The circular earthen building served as a collective granary and has been restored through a community effort. When it’s open, the locals charge Dh10 to come inside and have a cup of tea, but it’s hard to know when that’s going to be on offer.

The real reason to come to the shrine is for the spectacular sunset views. From Tabant, take the road west and park near the École Vivante where it’s a short 10-minute steep climb up to the shrine. You’ll be rewarded with an excellent view of the lower Aït Bouguemez valley. The early evening light illuminates the reddish-brown mountains beautifully.

If you decide to go for this view at sunrise, you’ll be treated to the mist eerily sitting in the valley floor – an ideal backdrop to the very photogenic shrine.

UNDERSTAND THE WOMEN’S ARTISAN COOPERATIVE

For over a millennium, Berbers have been treated as second class citizens to their Arab conquerors. And women as second class citizens to men. So the life of a Berber woman can be particularly tough. Whenever you see a large stack of hay bobbing along the lush green valley, there’s bound to be a woman beneath it. With their superior education and better language skills, the men are often running the guest houses in considerably more comfort.

Such is the hierarchy of life here.

But things are slowly changing. Over the last few years a number of co-operatives have been established by the local women. In these co-ops, the women create various artisanal products and handicrafts to sell in the local markets. It’s offering a source of income free from the backbreaking field work for those who want it.

With over 30 dotted around the valley, it is not hard to come across a co-op. But, finding them open with someone to show you around is a little more challenging. The best options are the Association Ighrem in Agouti, Cooperative Tikniouine in Timit (morning only) or Cooperative Ikhefnighir in the upper valley.

These co-operatives are also moving with the times in an industry that had started to slow their own progress with an oversupply of products. In 2013, the online store Anou was established in the village of Agouti. This community allows woman to sell their products online via a simple app, ensuring a fair price for their work. It has created a ‘fair trade’ movement which is quickly spreading across the villages of the High Atlas mountains.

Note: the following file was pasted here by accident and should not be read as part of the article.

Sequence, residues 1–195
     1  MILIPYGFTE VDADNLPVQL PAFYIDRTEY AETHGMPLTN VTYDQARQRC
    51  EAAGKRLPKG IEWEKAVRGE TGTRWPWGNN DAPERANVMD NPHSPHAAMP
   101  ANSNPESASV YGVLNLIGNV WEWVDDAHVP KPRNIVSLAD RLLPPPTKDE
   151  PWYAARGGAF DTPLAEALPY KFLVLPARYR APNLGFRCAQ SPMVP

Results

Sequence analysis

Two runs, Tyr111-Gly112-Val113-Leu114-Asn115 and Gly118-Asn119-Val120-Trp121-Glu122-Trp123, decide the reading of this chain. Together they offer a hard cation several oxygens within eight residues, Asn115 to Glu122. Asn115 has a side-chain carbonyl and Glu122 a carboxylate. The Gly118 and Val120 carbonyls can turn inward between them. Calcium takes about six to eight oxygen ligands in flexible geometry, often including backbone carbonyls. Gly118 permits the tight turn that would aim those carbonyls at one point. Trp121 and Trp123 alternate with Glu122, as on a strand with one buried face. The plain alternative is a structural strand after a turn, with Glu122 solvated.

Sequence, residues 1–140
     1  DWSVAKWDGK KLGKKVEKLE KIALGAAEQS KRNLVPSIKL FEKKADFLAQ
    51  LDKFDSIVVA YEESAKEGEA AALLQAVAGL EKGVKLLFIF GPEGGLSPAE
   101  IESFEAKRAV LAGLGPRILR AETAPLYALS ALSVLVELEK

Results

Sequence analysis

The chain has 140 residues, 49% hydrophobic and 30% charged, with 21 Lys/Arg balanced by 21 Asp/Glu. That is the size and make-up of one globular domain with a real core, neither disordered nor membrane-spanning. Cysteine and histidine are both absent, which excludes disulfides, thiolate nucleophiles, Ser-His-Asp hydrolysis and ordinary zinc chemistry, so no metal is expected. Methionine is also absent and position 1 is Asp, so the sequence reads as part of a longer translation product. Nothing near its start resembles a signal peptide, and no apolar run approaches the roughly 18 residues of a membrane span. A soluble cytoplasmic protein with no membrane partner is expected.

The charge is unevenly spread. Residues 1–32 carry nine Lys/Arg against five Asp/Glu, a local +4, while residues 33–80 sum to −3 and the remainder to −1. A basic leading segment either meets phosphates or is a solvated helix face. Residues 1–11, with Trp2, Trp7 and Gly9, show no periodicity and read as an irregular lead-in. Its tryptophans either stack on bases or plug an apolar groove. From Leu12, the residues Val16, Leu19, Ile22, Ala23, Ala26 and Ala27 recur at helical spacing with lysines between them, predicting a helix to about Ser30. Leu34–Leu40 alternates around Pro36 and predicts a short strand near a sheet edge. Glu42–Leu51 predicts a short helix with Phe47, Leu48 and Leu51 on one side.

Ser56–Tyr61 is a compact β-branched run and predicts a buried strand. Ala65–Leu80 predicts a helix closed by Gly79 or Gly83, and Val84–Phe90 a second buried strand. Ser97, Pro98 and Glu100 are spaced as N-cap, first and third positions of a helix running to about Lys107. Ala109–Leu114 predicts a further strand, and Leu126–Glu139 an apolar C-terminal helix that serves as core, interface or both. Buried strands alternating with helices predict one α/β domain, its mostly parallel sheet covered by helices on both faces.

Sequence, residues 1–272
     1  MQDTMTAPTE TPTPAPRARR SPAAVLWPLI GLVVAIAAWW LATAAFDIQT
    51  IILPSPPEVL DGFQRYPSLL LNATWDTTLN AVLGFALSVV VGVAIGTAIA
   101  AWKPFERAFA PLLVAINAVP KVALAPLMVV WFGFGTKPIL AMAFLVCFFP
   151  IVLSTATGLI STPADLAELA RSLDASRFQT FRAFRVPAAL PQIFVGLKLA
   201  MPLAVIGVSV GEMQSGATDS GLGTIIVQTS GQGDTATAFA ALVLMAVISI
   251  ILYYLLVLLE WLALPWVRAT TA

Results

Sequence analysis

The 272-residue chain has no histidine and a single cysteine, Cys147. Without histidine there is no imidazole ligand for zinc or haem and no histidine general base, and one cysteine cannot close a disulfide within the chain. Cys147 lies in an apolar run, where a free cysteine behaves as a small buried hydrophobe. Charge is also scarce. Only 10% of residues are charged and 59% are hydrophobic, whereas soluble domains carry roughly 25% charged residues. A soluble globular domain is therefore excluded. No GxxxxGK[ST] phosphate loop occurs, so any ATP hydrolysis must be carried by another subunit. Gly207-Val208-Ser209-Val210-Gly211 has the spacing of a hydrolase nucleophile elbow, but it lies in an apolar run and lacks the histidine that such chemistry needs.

TAKE A MULTI-DAY HIKE UP MOROCCO’S THIRD HIGHEST PEAK

Jebel M’Goun is Morocco’s third highest peak. At 4,071m it towers over the valley. There are a number of multi-day hikes in the region but the most common is the 3 day hike that leaves from Agouti and collects the summit before arriving back in town.

The other option is the 4 day M’Goun Traverse that leaves Agouti, passes under the flanks of the summit, then descends to the village of Aït Alla. Both routes offer great ridge walks with excellent views.

You can join a pre-organised tour in advance or guides can be rented for Dh400 to 450 a day, either through your accommodation, at the Association Ighrem in Agouti or in the village of Tabant (oboulmane@gmail.com).

However, the summit hike is a very well-trodden route and any reasonably experienced multi-day hiker should not have a problem completing it without a guide. Both nights are spent at Tarkeddit Refuge (2900m) which you should book well ahead of your trip. It has food and bedding, but it’s a good idea to bring a sleeping bag liner. The shower and toilet facilities are not revered for their cleanliness.

MEANDER THE BEAUTIFUL UPPER AND LOWER AÏT BOUGUEMEZ VALLEYS

For those of you (us) who prefer a comfortable bed and a warm shower after a long walk, the lower reaches of the Aït Bouguemez valley is the perfect spot for some great day hikes.

Paths crisscrossing the valley lead into small sleepy villages and cut through the lush green irrigated fields. You pass women working in the fields, shepherds and goatherders in the hills, children running to school and the steady hum of activity around the co-operatives.